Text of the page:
“They come a lot, the spirits, and all of them are different,” Baba Vanga told her niece once. “When they start talking to me—or rather, through me—I lose a lot of energy, I feel bad… But I can’t help it. When a person stands in front of me, all their dead relatives gather around him. What I hear from them, I pass on to the living.”
Owing to this connection Baba Vanga had with the hereafter, soldiers and their relatives—both of them tortured by uncertainties and in desperate need of solace and human contact—developed a particularly strong belief in her clairvoyant abilities. To them, it didn’t even matter what she was saying; what mattered was that she was saying it to them.
In early 1942, Vanga received a visit from a Bulgarian soldier named Dimitar Gushterov. He sought her help in uncovering his brother’s murderer. Vanga agreed to assist him on the condition that he wouldn’t seek revenge; once he pledged, she revealed the killer’s identity. Impressed and enamored, Gushterov returned months later to propose marriage.
The couple wed on May 10, 1942, and settled in Petrich. The marriage, sadly, was an unhappy one, marred by Gushterov’s alcoholism. He passed away from cirrhosis at the age of 42, in 1960. By then, the childless union had further elevated Vanga’s status and sanctity. In the eyes of many, right until the very end, she remained pure, a divine virgin, touched by a god, and not by men.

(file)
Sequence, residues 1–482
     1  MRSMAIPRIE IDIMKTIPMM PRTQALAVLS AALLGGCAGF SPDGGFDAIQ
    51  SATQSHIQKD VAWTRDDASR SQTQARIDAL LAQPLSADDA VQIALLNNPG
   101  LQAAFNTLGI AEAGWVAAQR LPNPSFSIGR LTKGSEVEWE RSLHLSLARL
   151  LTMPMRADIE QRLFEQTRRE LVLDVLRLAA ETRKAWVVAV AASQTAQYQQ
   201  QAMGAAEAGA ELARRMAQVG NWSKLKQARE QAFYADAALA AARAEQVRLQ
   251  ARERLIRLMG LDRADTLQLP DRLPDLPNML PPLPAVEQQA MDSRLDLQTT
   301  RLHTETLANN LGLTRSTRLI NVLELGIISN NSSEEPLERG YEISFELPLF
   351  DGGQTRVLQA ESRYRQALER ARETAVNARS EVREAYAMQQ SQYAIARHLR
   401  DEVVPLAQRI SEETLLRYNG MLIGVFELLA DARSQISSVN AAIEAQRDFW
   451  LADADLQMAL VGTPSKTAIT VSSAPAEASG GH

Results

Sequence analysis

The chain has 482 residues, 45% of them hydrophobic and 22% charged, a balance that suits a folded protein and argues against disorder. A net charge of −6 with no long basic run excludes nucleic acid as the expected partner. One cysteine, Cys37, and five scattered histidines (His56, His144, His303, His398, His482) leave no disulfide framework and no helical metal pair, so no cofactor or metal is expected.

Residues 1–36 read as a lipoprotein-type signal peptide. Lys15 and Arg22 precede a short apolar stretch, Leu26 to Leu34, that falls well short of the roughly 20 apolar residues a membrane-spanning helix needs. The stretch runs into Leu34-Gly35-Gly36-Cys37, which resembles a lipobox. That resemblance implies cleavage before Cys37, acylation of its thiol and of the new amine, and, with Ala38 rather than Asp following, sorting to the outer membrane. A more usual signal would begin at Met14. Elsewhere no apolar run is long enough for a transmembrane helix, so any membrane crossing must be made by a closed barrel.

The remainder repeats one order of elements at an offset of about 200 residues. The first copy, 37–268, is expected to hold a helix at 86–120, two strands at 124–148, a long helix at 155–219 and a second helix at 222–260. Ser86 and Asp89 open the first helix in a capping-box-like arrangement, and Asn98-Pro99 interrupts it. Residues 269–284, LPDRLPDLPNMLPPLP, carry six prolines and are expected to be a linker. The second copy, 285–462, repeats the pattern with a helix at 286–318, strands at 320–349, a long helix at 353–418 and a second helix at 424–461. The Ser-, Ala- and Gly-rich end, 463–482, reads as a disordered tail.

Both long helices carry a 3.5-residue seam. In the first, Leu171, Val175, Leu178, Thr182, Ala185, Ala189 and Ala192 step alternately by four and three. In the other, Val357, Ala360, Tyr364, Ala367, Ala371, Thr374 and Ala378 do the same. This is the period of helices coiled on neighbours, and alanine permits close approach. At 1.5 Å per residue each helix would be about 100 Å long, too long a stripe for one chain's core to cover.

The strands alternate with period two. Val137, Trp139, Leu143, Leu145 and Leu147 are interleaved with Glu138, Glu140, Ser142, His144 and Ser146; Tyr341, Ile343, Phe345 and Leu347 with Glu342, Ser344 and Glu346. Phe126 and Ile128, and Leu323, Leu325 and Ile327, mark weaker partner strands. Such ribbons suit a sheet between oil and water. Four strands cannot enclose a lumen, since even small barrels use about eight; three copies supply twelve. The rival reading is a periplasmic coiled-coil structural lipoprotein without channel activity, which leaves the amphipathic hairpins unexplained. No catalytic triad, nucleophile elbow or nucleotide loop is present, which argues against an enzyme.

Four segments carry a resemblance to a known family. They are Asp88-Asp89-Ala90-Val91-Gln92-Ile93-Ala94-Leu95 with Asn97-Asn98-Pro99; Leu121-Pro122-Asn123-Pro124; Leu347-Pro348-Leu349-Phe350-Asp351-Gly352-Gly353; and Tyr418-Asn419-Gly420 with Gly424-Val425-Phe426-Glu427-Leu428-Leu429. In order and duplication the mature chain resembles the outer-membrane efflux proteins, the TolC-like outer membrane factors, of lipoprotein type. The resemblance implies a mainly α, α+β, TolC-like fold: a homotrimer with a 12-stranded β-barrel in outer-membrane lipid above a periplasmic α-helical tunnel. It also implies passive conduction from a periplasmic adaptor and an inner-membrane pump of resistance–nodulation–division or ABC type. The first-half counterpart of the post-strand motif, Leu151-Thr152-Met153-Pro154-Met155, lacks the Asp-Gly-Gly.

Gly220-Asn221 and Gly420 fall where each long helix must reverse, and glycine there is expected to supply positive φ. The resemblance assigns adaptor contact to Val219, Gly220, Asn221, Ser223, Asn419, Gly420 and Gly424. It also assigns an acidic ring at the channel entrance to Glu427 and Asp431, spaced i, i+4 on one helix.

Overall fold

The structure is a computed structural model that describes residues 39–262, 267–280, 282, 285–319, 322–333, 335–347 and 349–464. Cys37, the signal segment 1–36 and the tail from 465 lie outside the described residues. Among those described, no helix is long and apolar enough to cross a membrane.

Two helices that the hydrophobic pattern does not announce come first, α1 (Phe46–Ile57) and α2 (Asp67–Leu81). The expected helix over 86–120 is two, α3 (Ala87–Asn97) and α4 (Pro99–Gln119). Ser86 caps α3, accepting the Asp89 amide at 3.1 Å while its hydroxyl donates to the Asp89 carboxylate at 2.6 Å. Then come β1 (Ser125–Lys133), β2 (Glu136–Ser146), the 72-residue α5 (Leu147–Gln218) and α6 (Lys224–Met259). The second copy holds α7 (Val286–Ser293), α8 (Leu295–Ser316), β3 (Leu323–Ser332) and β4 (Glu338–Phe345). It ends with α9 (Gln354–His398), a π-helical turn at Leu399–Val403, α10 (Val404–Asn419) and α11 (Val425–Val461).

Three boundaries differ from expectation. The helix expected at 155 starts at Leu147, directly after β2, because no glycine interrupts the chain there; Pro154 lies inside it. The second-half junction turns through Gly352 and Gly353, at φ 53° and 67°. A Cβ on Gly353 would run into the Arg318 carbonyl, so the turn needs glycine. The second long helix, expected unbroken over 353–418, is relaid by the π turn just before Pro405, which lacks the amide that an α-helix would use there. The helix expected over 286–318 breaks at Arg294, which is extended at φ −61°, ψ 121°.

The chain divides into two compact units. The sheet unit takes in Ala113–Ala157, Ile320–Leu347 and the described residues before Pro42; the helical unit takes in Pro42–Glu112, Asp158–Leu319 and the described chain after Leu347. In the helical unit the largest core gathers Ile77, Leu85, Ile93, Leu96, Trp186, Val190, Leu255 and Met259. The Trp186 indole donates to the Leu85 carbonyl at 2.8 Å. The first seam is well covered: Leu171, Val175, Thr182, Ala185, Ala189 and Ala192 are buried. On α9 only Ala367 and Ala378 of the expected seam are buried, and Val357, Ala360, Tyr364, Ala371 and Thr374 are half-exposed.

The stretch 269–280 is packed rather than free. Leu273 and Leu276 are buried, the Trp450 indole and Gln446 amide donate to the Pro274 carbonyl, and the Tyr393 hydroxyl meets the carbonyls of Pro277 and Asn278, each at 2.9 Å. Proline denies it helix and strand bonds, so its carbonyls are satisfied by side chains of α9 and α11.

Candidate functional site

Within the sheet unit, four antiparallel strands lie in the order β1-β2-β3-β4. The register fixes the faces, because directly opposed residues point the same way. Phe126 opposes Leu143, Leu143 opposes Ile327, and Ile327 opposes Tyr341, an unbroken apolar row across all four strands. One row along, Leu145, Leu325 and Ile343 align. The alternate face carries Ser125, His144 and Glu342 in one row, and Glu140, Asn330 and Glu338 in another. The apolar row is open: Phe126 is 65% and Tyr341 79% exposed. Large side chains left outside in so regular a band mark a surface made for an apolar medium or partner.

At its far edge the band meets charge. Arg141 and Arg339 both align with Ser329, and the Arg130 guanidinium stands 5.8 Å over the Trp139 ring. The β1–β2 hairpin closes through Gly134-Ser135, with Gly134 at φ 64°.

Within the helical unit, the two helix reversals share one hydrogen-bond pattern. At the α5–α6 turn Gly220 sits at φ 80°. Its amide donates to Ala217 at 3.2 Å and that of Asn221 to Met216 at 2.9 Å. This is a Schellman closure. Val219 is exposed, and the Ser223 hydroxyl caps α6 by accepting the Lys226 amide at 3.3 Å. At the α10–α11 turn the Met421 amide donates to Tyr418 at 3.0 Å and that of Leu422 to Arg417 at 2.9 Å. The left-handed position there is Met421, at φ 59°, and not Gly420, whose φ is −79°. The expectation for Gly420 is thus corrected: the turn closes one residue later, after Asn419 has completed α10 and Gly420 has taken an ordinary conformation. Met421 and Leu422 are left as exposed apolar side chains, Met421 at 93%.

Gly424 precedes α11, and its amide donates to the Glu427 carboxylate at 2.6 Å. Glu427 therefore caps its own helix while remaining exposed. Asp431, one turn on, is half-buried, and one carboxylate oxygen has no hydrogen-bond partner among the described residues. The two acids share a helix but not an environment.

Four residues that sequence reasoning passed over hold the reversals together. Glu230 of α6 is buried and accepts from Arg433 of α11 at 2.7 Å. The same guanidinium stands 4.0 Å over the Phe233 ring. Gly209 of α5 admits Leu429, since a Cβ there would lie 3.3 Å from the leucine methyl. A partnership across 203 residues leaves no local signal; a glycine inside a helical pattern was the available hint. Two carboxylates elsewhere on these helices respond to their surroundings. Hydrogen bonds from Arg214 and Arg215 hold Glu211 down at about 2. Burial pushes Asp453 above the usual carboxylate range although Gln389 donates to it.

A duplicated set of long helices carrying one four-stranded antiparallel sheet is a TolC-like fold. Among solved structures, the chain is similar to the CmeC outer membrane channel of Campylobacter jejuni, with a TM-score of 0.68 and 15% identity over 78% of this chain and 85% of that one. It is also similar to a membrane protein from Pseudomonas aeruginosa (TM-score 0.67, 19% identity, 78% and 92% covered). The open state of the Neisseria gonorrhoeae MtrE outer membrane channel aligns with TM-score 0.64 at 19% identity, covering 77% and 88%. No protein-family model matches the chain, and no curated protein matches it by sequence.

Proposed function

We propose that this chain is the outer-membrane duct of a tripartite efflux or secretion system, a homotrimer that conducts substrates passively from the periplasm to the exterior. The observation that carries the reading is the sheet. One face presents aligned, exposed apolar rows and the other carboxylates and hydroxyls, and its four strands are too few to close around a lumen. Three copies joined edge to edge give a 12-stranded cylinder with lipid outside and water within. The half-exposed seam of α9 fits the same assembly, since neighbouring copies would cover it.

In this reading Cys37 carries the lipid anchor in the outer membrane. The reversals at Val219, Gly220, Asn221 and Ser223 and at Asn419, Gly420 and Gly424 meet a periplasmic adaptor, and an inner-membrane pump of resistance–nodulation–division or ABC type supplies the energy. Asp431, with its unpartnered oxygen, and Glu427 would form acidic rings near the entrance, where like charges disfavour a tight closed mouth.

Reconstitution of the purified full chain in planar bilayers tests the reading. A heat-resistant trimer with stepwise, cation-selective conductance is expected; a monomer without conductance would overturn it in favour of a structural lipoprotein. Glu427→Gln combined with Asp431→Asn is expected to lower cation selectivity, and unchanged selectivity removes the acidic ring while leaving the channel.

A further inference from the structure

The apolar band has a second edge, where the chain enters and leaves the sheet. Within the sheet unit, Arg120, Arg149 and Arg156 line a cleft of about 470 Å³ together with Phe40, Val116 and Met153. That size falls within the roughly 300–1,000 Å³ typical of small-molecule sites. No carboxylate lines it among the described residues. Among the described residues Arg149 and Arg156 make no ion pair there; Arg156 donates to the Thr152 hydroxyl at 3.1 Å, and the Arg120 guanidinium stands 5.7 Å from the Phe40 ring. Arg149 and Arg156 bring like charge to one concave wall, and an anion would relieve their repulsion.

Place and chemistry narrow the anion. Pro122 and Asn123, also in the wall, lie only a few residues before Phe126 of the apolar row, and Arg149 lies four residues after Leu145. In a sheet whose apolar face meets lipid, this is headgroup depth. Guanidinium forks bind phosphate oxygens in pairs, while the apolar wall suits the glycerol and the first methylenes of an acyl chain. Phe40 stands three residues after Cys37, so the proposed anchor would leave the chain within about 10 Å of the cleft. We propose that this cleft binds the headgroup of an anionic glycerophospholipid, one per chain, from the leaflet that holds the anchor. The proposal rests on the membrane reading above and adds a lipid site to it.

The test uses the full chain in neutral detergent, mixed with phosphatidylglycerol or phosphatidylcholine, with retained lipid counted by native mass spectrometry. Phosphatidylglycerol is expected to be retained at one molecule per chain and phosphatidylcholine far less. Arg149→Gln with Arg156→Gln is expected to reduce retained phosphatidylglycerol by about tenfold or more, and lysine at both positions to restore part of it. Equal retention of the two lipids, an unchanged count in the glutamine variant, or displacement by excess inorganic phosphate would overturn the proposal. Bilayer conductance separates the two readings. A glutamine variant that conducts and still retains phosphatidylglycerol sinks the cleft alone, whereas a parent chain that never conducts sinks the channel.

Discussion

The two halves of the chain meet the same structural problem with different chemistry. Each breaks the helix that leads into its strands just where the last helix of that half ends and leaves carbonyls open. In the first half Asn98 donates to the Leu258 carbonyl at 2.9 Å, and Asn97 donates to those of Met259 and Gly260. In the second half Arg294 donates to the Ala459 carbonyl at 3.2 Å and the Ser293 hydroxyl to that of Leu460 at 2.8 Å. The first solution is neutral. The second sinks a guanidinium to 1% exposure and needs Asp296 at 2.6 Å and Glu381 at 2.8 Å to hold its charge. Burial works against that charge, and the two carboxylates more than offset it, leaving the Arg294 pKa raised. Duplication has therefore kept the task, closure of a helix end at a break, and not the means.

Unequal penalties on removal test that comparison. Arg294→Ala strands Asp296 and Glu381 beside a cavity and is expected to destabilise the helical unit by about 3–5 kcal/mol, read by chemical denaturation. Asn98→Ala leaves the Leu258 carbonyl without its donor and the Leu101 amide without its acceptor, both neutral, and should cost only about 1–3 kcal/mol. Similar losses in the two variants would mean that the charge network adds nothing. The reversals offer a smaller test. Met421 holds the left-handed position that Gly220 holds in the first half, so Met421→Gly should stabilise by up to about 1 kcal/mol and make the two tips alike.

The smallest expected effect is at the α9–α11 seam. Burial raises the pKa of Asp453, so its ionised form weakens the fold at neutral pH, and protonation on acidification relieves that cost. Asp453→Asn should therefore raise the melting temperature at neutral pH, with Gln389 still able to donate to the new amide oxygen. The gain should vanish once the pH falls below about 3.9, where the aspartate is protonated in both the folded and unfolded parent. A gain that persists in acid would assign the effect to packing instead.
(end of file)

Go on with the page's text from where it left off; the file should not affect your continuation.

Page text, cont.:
Cold War politics, a different kind of game
“Communist governments,” writes Judith Joyce in The Weiser Field Guide to the Paranormal, “as a rule, persecute, or at least do not encourage fortune-tellers, who are considered to be example or vestiges of primitive superstition. Baba Vanga, though, has been described as ‘the only state-sponsored oracle in modern times.'” So, how did that happen? The answer lies in a combination of factors.
First of all—and unsurprisingly—as Baba Vanga’s wartime renown grew, she increasingly captured the attention of political circles; there is a persistent rumor that King Boris III himself visited her on April 8, 1942. This phenomenon only heightened after the war, with Vanga’s Petrich residence witnessing a steady stream of Moskvitches and Chaikas, belonging to post-war Bulgarian politicians. Before too long, whispers began circulating that notable political figures from both the West and the Soviet Union were frequent visitors too, attracted by some of Baba Vanga’s predictions.
Such a backdrop isn’t entirely surprising given the era’s global turbulence—this was the time of bizarre CIA projects such as the MKUltra and MKNAOMI, the time of heart attack guns and lipstick-pistols. In such atmosphere, it was only natural for the Bulgarian government to eventually realize that Vanga could be more than just a “psychic baba”; she could be a valuable asset.
So, in 1967, they made her a civil servant, affiliating her to the newly-found Institute of Suggestology, established within the Bulgarian Academy of Science. The move entitled Baba Vanga to an official salary of about $200 per month. Moreover, her consultations came at a fee now: $10 for citizens of socialist states and $50 for those from the West. Vanga was additionally granted a special residence in Rupite, two secretaries to handle admissions, a personal car, and a dedicated driver.